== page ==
Last New Year’s, we rented a cabin in the middle of the woods in Georgia for what seemed like an absurdly low amount of money. We enjoyed it so much (not only the price) that we’re doing it again in July, a little further North. So what’s all the hype about?
What’s a cabin?
This is a decent example of what’s available out there. The cabin we stayed in most recently was more modest than some of those, but equally as fun.
Our cabin had two bedrooms, with two queen-size beds each, two large bathrooms, a generous living room and dining room, and a fully-stocked kitchen (stocked with equipment, plates, etc., not food!). We also had our own screened-in patio and a charcoal grill.
Because it was on a campground, our cabin was in a grouping of 8-10 others and as a result had little “privacy” for those who want a true getaway. I’m sure some of the others out there are a bit more secluded.
Why are they so cheap?
The cabin we stayed in rents for as little as $150 a night. That sounds like a typical hotel room, but when you start spreading the cost over 8-10 people, $20 a night per head sounds much more appealing.
The price was mostly due to these factors:
- The cabin was operated by a public park/preserve.
- We were in the middle of nowhere.
- There is no maid service, and you have to clean up when you leave.
- In general, staffing is limited to helping you check in and out.
- You bring all of your own food (no need—and in most cases ability because of remoteness—to go out).
I understand that’s pretty typical for most other cabin sites as well.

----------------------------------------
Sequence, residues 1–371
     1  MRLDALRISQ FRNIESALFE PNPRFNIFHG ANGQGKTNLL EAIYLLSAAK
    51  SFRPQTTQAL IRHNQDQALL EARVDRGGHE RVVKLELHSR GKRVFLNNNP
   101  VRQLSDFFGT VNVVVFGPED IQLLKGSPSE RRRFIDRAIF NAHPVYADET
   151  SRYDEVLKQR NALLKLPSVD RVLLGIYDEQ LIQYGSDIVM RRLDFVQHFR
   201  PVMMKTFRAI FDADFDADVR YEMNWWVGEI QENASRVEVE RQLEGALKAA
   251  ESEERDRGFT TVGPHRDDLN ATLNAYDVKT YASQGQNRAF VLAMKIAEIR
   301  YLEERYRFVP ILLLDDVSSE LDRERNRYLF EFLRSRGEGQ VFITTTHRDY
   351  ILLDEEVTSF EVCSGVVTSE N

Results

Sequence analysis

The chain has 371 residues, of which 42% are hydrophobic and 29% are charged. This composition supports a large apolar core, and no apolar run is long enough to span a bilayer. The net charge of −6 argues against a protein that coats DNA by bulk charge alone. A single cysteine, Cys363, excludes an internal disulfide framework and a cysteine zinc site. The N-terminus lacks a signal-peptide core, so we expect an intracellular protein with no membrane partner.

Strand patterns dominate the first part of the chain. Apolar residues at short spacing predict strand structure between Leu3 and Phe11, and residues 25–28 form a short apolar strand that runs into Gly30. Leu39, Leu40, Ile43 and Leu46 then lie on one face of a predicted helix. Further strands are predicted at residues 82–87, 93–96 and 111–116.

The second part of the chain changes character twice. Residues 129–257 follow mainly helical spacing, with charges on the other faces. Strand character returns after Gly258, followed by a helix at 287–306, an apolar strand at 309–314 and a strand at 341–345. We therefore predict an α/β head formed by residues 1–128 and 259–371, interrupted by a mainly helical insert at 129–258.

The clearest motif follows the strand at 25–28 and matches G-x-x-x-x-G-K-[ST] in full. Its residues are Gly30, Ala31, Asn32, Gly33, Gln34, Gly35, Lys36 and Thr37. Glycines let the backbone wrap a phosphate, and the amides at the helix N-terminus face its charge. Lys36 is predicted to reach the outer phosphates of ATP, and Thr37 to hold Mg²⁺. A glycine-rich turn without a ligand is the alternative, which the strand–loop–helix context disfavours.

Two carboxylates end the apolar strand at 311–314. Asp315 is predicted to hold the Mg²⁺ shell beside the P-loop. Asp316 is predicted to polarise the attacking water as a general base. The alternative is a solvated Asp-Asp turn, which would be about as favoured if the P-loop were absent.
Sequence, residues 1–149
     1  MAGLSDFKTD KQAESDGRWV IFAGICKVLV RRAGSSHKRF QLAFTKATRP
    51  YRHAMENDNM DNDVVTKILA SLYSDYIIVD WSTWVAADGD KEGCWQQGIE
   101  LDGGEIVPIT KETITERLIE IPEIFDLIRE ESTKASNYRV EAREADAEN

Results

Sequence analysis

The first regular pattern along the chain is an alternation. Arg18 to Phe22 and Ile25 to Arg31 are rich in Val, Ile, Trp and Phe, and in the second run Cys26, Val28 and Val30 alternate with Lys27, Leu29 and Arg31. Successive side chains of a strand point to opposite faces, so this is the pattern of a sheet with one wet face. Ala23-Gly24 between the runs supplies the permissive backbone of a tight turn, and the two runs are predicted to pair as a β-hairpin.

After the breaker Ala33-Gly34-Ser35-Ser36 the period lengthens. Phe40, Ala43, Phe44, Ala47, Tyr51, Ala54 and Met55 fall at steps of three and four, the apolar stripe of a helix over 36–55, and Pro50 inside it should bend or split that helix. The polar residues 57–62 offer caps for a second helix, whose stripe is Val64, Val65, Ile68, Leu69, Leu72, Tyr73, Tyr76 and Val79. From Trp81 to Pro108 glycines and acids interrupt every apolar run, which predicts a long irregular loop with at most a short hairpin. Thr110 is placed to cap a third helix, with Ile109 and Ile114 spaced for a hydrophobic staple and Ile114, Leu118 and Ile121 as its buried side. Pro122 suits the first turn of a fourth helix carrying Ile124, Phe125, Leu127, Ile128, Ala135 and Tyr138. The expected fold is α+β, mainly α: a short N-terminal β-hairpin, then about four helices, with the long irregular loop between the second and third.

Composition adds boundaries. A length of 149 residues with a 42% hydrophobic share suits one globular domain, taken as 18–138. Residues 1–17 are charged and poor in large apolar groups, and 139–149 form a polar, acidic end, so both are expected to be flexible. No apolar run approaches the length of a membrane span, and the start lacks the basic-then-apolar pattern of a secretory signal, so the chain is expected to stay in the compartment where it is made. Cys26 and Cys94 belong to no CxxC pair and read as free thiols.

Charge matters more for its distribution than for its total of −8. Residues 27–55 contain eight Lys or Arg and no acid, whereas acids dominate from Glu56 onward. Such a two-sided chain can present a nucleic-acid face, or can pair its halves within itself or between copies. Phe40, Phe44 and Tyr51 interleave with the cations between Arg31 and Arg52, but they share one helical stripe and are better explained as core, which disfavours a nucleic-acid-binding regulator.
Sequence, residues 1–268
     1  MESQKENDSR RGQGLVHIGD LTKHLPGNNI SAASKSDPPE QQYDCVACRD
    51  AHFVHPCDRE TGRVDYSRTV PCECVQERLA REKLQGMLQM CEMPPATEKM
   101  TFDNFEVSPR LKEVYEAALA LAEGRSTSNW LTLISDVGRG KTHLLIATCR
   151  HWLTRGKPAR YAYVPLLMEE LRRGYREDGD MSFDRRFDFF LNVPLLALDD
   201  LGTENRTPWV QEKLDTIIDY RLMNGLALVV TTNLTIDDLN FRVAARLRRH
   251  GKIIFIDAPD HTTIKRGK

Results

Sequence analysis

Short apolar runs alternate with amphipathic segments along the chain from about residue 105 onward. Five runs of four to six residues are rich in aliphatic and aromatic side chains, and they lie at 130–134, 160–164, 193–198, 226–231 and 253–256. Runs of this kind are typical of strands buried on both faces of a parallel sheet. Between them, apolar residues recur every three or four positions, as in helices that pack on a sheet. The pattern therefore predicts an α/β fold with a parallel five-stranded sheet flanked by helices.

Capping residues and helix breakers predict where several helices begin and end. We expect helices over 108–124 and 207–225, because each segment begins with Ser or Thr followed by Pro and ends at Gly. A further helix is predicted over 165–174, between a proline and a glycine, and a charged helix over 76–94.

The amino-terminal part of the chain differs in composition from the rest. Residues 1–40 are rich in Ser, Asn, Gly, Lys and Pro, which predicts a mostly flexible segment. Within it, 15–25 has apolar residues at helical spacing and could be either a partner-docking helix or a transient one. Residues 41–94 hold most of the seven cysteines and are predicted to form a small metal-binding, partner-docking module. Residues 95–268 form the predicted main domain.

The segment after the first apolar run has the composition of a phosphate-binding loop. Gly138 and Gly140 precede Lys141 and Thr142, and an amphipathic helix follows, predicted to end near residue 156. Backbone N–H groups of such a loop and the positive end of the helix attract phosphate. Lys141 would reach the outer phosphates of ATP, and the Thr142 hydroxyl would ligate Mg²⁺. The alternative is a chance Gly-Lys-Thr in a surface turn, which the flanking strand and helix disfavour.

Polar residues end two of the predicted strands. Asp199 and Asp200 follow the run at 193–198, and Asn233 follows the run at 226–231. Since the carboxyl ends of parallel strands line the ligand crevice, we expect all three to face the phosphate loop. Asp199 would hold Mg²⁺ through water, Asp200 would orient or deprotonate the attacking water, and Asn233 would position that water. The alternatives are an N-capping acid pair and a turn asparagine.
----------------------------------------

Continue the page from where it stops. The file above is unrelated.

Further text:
What can you do while you’re there?
Of course, this depends entirely on where you rent a cabin. Most are either in the mountains or in wooded areas, so there’s usually plenty of nature to explore.
The park we stayed in had an interpretive center, playground, three trails, and kayaking down a river. The one we have planned for July offers whitewater rafting (winning!).
What should you bring?
The nice thing about how many of these cabin rentals are set up is that much of what you’ll need is already there. You need to bring your own food and a few other things you use on a daily basis. Some of the things on our list are:
- Baby needs
- Paper products (paper towels, napkins)
- Aluminum foil
- Medicine/first aid kit
- Movies/white sheet/projector—yes, really.
- Bug spray
- Air mattress for extra sleeping room
- Sports equipment
It’s a lot of fun, and the more you go, the more you learn how to pack exactly what you need in exactly the right amounts.
Have you done it?
Have you ever rented a cabin for the weekend or an extended vacation? What was your experience like?